The NBA has made an event out of its yearly awards that lead fans to argue over the true definition of a rookie and who has played better than LeBron James throughout the given season. Spliced in are players who have become bigger than the league and are instead improving their community for generations to come.
Check out the biggest (and maybe the most controversial) moments out the 2018 NBA Awards:
Rookie Of the Year, Ben Simmons
One of the hardest and most head-scratching awards of the night was Rookie Of the Year. Jayson Tatum had a formidable chance because his Celtics got to the Eastern Conference Final. Donovan Mitchell stepped up in an opening round against LeBron, but Ben Simmons put up the numbers and showed why he deserved to be the first pick back in 2016… despite not playing his entire first season.
Coach Of The Year, Dwane Casey
Boston’s Brad Stevens has been touted as the best coach around, and has even been called a genius by his own players and led his team to a Game 7 faceoff with LeBron James. But, in the end, it was Dwane Casey who led the Toronto Raptors to a franchise record of 59 wins to win the award. He’d get fired soon after getting eliminated at the hands of James (again) but has since landed in Detroit to make magic again. Awkward? Just a little bit.
Most Improved Player, Victor Oladipo
Victor Oladipo deserved it. After playing for the Orlando Magic and Oklahoma City Thunder for four years, he made his transition to the Indiana Pacers where he was suddenly the man after being in the shadow of others. He played alongside the experienced Ricky Rubio, but after an injury that left him sidelined during the playoffs, Oladipo showed out.”Shoutout to the Pacers organization for believing in me, all the Indiana Pacers. It’s only the beginning for us, we’re just getting started,” Oladipo, who averaged 23 points this season, said on stage while receiving the award.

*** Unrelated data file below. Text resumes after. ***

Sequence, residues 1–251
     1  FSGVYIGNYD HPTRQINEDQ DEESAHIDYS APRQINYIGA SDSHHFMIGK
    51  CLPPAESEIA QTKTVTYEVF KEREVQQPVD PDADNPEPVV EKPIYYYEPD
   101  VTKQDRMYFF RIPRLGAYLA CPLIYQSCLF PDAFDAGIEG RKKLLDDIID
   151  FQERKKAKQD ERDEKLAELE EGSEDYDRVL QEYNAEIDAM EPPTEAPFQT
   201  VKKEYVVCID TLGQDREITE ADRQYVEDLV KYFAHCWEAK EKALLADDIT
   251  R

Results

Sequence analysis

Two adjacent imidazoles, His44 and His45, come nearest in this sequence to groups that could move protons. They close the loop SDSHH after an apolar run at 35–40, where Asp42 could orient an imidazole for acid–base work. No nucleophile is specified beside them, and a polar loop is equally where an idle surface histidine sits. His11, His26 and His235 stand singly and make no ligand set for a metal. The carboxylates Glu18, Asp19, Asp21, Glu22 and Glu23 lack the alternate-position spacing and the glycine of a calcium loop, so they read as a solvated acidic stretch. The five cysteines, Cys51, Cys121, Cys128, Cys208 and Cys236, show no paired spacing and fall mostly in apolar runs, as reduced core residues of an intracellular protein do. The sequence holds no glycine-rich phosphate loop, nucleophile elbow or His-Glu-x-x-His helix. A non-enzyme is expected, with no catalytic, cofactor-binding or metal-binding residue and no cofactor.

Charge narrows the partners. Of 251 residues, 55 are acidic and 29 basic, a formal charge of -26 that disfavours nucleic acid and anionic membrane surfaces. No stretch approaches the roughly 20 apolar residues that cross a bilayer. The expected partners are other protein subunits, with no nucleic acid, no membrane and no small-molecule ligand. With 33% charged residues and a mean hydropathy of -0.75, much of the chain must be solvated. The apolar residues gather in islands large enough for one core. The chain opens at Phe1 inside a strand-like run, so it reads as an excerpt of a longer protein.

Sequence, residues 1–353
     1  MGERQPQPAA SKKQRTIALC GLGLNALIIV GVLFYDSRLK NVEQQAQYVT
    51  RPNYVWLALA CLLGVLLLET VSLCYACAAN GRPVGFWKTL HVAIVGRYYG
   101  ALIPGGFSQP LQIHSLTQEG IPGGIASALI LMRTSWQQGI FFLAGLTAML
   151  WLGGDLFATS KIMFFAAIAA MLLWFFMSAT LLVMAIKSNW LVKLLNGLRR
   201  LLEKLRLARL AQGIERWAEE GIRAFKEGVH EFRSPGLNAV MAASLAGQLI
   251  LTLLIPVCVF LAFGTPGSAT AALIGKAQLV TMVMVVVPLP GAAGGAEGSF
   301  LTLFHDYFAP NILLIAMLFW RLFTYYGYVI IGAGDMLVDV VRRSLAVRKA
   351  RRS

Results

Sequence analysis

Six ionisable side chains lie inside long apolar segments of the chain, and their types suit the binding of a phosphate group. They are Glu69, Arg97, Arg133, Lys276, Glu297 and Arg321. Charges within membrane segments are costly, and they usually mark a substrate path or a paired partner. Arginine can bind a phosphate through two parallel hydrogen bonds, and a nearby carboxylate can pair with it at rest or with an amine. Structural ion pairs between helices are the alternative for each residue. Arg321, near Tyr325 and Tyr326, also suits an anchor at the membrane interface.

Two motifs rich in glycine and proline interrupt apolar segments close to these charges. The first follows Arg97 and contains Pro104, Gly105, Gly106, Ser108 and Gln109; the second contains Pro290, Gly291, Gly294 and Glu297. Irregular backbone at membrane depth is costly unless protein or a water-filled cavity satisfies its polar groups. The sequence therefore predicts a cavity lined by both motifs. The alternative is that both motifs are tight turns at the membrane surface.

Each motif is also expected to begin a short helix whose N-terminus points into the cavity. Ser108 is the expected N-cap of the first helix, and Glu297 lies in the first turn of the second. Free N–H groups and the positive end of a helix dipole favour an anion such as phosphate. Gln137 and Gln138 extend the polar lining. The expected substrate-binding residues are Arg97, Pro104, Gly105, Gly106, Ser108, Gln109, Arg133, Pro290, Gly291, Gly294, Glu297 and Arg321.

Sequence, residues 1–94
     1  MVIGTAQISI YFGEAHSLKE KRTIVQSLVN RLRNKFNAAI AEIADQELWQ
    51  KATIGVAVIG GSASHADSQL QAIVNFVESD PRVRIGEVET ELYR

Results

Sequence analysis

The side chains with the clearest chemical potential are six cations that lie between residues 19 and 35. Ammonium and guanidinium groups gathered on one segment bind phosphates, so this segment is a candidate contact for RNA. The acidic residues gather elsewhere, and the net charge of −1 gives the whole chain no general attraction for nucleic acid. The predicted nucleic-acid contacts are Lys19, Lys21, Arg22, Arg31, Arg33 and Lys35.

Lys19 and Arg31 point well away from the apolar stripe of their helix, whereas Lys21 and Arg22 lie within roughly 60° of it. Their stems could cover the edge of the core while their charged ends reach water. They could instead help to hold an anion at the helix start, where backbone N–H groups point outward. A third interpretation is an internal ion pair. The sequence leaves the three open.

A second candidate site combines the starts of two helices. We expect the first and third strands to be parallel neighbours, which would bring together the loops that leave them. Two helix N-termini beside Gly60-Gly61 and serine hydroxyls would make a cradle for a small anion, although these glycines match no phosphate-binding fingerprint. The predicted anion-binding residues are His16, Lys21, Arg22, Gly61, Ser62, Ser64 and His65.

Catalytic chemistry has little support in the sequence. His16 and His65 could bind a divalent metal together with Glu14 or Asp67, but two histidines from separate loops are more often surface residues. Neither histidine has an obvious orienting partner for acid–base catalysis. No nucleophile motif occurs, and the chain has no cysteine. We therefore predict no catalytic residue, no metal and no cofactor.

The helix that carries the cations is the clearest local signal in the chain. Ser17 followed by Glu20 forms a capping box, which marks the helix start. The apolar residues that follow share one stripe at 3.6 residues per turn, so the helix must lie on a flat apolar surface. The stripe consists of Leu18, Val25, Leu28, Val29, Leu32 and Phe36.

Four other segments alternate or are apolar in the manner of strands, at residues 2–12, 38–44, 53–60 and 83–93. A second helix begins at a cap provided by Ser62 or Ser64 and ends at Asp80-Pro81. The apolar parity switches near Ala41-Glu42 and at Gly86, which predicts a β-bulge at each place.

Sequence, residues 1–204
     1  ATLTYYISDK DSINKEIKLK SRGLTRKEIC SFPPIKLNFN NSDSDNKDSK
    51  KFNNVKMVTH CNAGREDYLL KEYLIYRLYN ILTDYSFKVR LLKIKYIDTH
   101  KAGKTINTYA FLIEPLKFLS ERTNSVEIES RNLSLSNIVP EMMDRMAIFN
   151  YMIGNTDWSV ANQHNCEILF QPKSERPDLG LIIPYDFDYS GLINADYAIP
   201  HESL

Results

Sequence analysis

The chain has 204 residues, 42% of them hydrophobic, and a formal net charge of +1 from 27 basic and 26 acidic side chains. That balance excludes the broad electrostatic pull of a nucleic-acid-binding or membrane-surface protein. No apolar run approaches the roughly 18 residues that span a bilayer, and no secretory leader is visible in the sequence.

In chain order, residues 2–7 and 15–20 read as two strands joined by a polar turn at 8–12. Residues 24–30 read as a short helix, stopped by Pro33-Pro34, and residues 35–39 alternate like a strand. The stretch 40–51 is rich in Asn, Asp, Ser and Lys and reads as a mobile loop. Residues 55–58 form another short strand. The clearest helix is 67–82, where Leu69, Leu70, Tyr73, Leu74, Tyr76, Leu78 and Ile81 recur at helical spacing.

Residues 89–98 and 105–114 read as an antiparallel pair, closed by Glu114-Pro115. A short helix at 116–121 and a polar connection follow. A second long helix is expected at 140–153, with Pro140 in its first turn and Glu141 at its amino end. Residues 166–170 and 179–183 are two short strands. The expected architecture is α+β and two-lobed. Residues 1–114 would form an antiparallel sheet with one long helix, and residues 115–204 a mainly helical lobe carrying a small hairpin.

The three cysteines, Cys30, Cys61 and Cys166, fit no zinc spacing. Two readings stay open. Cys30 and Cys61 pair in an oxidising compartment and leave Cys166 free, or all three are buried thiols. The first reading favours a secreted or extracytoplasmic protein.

Lifetime Achievement Award, Oscar Robertson
Oscar Robertson, one of the NBA’s underrated but most pivotal players, was finally honored with the Lifetime achievement award. The triple-double genius dominated the game and was a huge force in blossoming free agency and helping players getting paid much more within the league.
“It means that throughout the years what I’ve done in basketball is recognized and that basketball is still a popular sport throughout the world and I’m very happy to be a part of it,” Robertson said during a phone interview with USA Today.
Most Valuable Player, James Harden
There is LeBron James, then there’s everyone else. James winning another MVP at this point in his career isn’t too feasible as his greatness has never subsided. Harden, on the other hand, put the Rockets on front street and could have beat the Golden State Warriors if Chris Paul wasn’t injured in Game 7 of the Western Conference Finals. He’s come a long way from just being a guy off the bench for the Oklahoma City Thunder. “From Sixth Man of the Year to MVP. Go chase that dream,” he said while accepting the award.
Bill Russell Flipping Off Sir Charles
Oh, and how could we forget Bill Russell flipping off Charles Barkley? Before presenting an award to Robertson, Barkley took some time to congratulate some of the greats in the building, and when he got to the 11-time champion, Russell proceeded to flip him off with a smile on his face. Last year, Russell was actually on stage to present an award with Kareem Abdul-Jabbar, Shaquille O’Neal, Dikembe Mutombo, Alonzo Mourning and David Robinson and joked that he could. So the trash talk from the legend is nothing new.